But Jesus knows that this man loves something more than he loves the Lord.
Jesus knows this man loves something more than he loves the Lord
For the young man, it was his love for money; riches and possessions. It was his love for those things that kept him from heaven. He had actually broken the greatest commandment of all to “Love the Lord God with all of one’s heart, soul, mind, and strength.”
It may be your love for money and stuff, possessions, that keeps you from heaven.
Whatever we love more than Jesus may be the very thing that keeps us from heaven, loving money more than Jesus, loving good health more than we love Jesus, loving our lives more than we love Jesus.
Jesus may speak to you just like He did the Rich Young Ruler, “Go, sell all you have and come and follow Me.” Money may be the very idol you love more than God. Or, if you love something else more than you love God, He’ll speak to that idol. It may be an unwillingness to turn from sin.
Today Jesus may say to you:
- “Go, tell your co-workers you cannot compromise your integrity if You love Me more than worldly success.”
- “Go, tell your friend you will not engage in that behavior if You love Me more than the passing pleasure of sin.”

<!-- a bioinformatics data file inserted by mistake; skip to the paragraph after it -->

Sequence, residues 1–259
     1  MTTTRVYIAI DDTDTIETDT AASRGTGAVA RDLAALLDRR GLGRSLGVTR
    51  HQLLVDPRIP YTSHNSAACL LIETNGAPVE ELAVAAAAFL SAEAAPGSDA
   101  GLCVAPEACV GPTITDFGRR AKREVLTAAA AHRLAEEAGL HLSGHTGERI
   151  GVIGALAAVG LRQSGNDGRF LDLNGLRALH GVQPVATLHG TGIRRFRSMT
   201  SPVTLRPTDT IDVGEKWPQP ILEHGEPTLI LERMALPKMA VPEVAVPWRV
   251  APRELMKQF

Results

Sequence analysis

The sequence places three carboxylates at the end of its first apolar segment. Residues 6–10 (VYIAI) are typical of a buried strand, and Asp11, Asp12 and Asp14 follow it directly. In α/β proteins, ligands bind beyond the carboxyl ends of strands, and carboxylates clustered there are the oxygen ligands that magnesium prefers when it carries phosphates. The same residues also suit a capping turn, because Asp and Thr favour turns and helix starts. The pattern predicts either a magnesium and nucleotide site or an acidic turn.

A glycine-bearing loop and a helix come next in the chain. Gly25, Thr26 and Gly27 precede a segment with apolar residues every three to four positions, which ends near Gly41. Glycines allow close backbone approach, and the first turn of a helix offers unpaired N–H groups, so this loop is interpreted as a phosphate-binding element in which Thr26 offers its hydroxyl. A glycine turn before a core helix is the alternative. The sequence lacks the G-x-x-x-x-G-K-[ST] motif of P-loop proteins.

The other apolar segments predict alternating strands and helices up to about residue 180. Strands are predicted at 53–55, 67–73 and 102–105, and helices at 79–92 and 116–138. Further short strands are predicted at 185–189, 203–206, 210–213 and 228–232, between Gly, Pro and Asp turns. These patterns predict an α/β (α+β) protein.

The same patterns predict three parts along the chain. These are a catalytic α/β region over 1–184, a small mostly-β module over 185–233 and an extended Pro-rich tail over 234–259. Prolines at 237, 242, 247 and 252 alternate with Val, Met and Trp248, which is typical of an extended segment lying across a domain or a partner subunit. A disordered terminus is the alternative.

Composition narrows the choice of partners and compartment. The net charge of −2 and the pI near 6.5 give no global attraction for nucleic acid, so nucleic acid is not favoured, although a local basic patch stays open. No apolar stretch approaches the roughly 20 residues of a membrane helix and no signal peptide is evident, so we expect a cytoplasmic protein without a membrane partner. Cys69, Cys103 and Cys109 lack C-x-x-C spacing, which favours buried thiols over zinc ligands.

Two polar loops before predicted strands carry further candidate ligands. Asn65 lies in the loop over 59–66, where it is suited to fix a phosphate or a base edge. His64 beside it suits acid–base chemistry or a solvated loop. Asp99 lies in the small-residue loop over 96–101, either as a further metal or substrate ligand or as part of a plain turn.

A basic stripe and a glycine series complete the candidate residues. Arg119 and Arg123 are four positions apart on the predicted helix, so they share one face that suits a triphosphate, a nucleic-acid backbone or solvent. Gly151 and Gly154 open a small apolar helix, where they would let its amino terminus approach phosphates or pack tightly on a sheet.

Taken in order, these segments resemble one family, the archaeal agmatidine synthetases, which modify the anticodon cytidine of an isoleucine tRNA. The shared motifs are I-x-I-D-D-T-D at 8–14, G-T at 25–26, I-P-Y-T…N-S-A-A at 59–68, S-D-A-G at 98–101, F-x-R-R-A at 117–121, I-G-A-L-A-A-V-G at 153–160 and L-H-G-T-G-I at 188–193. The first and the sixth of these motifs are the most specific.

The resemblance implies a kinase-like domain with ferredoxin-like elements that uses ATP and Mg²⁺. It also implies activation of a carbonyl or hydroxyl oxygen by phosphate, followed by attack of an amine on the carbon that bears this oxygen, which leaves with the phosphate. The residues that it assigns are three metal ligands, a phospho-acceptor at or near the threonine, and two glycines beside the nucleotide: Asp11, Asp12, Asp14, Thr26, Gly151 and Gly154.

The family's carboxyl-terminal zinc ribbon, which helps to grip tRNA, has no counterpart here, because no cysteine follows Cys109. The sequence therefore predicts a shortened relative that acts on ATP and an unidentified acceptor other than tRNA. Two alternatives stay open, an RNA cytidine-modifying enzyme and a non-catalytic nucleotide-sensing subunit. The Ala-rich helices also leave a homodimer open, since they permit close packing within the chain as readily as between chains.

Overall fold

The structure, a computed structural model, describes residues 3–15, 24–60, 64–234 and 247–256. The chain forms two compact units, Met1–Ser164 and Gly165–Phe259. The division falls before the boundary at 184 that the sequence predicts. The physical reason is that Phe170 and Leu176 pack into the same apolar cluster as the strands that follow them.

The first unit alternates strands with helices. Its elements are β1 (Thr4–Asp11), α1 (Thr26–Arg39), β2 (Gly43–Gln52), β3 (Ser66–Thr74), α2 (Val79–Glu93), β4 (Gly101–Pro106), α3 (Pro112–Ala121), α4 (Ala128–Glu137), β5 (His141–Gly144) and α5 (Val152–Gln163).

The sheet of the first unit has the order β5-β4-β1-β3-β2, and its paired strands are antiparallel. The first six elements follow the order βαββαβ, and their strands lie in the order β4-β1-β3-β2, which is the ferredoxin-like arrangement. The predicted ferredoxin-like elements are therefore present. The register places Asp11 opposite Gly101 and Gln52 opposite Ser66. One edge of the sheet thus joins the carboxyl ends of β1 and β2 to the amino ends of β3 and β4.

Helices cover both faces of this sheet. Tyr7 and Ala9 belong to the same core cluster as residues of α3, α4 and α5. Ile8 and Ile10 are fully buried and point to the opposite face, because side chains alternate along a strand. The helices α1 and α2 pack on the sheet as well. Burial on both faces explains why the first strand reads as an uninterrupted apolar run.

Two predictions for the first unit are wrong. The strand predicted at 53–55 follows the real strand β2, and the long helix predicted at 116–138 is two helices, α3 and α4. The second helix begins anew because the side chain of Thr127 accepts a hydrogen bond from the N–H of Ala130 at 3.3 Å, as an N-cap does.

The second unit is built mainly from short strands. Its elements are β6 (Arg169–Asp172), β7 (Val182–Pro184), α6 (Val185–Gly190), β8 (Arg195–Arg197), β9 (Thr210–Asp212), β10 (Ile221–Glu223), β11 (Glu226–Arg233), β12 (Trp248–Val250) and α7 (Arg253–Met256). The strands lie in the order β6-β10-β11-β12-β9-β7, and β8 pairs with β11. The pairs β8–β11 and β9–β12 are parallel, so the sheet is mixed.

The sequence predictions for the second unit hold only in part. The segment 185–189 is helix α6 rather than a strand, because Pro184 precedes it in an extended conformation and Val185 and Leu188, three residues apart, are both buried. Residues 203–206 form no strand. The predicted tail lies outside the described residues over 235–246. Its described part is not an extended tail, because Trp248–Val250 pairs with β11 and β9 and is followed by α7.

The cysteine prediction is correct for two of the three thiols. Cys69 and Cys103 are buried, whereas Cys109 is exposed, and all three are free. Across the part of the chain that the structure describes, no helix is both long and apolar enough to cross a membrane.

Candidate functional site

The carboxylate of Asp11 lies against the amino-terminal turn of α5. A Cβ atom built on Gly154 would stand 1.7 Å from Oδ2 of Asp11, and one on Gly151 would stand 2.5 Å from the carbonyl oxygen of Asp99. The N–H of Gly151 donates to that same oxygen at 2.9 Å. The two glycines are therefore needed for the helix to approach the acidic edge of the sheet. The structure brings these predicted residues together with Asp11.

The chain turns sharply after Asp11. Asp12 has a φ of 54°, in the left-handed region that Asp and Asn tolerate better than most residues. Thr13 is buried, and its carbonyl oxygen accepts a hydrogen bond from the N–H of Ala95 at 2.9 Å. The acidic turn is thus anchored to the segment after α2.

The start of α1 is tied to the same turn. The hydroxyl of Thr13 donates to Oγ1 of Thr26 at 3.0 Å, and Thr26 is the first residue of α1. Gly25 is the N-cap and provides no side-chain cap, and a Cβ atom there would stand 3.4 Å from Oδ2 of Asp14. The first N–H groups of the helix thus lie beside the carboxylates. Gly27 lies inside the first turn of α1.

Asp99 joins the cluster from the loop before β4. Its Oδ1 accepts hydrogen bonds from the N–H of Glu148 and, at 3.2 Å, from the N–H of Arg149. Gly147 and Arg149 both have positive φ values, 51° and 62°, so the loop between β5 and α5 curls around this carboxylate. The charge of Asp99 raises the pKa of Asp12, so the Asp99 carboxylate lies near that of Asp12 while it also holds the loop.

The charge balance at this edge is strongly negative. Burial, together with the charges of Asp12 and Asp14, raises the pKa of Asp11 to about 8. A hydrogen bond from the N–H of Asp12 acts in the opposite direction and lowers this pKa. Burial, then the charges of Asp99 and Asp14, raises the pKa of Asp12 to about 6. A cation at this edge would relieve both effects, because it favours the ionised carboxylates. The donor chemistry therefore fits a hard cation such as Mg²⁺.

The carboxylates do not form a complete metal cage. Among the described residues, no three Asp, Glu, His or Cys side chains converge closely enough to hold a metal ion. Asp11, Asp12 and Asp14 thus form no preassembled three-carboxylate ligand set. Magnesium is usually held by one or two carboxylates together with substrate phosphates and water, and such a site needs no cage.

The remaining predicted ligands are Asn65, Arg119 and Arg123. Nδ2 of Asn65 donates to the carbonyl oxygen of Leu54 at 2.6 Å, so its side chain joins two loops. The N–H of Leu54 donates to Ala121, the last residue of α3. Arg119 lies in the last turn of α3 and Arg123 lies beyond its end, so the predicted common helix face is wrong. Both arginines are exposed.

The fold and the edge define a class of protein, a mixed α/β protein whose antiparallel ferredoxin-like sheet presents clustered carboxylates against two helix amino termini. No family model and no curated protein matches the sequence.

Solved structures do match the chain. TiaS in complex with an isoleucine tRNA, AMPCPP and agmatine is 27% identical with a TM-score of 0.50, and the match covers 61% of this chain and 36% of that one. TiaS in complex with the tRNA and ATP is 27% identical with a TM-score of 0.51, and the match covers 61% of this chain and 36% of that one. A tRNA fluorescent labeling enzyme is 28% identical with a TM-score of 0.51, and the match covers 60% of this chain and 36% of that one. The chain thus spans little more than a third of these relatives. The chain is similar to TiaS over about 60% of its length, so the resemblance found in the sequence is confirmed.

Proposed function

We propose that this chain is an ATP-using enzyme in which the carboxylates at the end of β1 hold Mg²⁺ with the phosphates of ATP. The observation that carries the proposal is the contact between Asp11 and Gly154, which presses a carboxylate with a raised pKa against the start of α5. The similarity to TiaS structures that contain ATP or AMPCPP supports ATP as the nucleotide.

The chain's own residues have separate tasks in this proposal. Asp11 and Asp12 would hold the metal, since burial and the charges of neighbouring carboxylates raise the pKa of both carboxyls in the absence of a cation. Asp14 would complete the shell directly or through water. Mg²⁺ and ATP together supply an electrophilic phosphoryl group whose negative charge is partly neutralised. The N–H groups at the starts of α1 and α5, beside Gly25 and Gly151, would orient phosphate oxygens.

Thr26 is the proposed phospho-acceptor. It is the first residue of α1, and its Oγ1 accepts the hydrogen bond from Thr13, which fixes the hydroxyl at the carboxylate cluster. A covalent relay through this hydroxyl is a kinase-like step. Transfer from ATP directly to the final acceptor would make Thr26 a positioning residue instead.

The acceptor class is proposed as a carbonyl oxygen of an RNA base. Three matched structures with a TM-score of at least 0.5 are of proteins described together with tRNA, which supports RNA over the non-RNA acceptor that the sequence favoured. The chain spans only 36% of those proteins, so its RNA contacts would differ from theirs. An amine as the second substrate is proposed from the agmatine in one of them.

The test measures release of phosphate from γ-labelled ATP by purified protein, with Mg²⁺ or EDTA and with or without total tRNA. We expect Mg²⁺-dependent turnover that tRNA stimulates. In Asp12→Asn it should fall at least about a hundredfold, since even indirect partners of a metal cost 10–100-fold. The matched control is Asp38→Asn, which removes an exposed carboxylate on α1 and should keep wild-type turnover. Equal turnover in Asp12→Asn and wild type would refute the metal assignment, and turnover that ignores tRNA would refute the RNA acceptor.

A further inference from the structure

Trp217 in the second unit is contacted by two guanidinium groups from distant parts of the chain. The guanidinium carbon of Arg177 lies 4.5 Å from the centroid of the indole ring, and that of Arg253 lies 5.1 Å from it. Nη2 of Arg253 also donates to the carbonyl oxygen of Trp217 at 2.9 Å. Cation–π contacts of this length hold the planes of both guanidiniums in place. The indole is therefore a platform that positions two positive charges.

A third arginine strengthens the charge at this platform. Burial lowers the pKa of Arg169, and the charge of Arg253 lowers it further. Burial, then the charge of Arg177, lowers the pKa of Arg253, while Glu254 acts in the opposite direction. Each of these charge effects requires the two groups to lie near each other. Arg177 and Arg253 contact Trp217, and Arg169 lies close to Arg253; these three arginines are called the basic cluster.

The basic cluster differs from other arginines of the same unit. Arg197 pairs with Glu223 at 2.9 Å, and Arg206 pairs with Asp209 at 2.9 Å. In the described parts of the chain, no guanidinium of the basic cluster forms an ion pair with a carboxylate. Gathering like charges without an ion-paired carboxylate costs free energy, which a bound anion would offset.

- “Go, get help for your pornography if You love Me more than cheap substitutes for My glorious beauty and infinite worth.”
Whatever we love more than Jesus may be the very thing that keeps us from heaven.
We Enter Heaven Only By Trusting and Following Christ
Ultimately, the rich young ruler wasn’t willing to trust and follow Jesus because he loved and valued temporary treasures over eternal treasures.
One reason it is hard for wealthy people to enter heaven is because wealth gives a false sense of security and self-sufficiency.
The devil wants us to fall in love with this world and value its temporary comforts and temporary pleasures greater than we value the things of God.
The end of this passage is a call to abandon all the temporary treasures of the world—houses, lands, even if necessary, family—that we may gain eternal treasures; eternal life. When we trust and follow Jesus even “persecutions” (verse 30) can be regarded in a positive light.
Whatever we lose in this world is made up for in Christ.
In the Gospels, Jesus was in some sense like a rich young ruler. You could say that He was the ultimate rich young ruler.
Before the incarnation, Jesus had everything. At the right hand of the Father, and in the presence of glory, Jesus was rich! But remember what Paul wrote in 2 Corinthians 8:9, “For you know the grace of our Lord Jesus Christ, that though He was rich, yet for your sake He became poor, so that you through His poverty might become rich.”
This is God’s Word …
This is Grace for your Journey …
Rest and Rejoice in this eternal truth!
Ephesians 4:7 – “But to each one of us grace has been given as Christ apportioned it.”
Hebrews 4:16 – “Let us then approach the throne of grace with confidence, so that we may receive mercy and find grace to help us in our time of need.”